• libertarian marxists criticize marxism–leninism for perceived differences from orthodox marxism, opposing the leninist principle of democratic centralism and the marxist–leninist interpretation of vanguardism. along with trotskyists, they also oppose the use of a one-party state which they view as inherently undemocratic, although trotskyists are still bolsheviks, subscribing to democratic centralism and soviet democracy, seeing their ideology as a more accurate interpretation of leninism. rosa luxemburg, a marxist theorist, emphasized the role of the vanguard party as representative of the whole class[6][7], and the dictatorship of the proletariat as the entire proletariat's rule, characterizing the dictatorship of the proletariat as a concept meant to expand democracy rather than reduce it - as opposed to minority rule in the dictatorship of the bourgeoisie.[8]

    in the road to serfdom (1944), the economist friedrich hayek wrote that the dictatorship of the proletariat likely would destroy personal freedom as completely as does an autocracy.[9] the european commission of human rights found pursuing the dictatorship of the proletariat incompatible with the european convention on human rights in communist party of germany v. the federal republic of germany (1957).[10]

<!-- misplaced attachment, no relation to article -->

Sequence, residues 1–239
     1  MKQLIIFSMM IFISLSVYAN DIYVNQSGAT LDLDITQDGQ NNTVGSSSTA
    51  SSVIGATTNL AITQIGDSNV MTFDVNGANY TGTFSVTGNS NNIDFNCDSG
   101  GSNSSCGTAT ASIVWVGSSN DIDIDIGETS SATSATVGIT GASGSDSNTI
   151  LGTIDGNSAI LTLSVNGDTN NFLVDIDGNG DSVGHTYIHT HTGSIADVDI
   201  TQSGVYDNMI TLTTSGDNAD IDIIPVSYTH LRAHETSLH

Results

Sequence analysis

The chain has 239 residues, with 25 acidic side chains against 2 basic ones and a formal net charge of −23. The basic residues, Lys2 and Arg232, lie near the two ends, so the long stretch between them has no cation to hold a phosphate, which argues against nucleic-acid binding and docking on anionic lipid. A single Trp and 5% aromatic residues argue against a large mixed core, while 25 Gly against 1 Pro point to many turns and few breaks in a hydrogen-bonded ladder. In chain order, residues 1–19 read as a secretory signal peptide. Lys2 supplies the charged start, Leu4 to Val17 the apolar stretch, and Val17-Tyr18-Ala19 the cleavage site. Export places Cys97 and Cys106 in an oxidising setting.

• theoretical approaches
  • vladimir lenin
  • see also
  • references
  • external links

In Marxist philosophy, the dictatorship of the proletariat is a state of affairs in which the working class hold political power.[1][2] Proletarian dictatorship is the intermediate stage between a capitalist economy and a communist economy, whereby the government nationalises ownership of the means of production from private to collective ownership.[3]

The socialist revolutionary Joseph Weydemeyer coined the term "dictatorship of the proletariat", which Karl Marx and Friedrich Engels adopted to their philosophy and economics. The term "dictatorship" indicates the retention of the state apparatus, but differs from individual dictatorship, the rule of one man. The term dictatorship of the proletariat implies the complete "socialization of the major means of production",[4] the planning of material production in service to the social and economic needs of the population, such as the right to work, education, health and welfare services, public housing.